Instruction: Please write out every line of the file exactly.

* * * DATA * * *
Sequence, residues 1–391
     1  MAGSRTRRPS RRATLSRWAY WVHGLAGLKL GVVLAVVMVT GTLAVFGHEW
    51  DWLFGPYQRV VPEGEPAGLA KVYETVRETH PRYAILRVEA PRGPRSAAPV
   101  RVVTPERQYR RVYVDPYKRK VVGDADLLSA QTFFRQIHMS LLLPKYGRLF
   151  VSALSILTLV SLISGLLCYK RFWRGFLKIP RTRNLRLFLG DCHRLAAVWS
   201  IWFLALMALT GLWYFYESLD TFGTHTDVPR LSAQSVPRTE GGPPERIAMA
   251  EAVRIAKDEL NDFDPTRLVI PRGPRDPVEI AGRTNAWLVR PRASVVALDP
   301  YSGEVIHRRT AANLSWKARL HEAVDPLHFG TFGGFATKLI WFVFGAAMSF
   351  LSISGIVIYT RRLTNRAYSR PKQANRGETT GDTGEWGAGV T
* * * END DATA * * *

Sequence, residues 1–391
     1  MAGSRTRRPS RRATLSRWAY WVHGLAGLKL GVVLAVVMVT GTLAVFGHEW
    51  DWLFGPYQRV VPEGEPAGLA KVYETVRETH PRYAILRVEA PRGPRSAAPV
   101  RVVTPERQYR RVYVDPYKRK VVGDADLLSA QTFFRQIHMS LLLPKYGRLF
   151  VSALSILTLV SLISGLLCYK RFWRGFLKIP RTRNLRLFLG DCHRLAAVWS
   201  IWFLALMALT GLWYFYESLD TFGTHTDVPR LSAQSVPRTE GGPPERIAMA
   251  EAVRIAKDEL NDFDPTRLVI PRGPRDPVEI AGRTNAWLVR PRASVVALDP
   301  YSGEVIHRRT AANLSWKARL HEAVDPLHFG TFGGFATKLI WFVFGAAMSF
   351  LSISGIVIYT RRLTNRAYSR PKQANRGETT GDTGEWGAGV T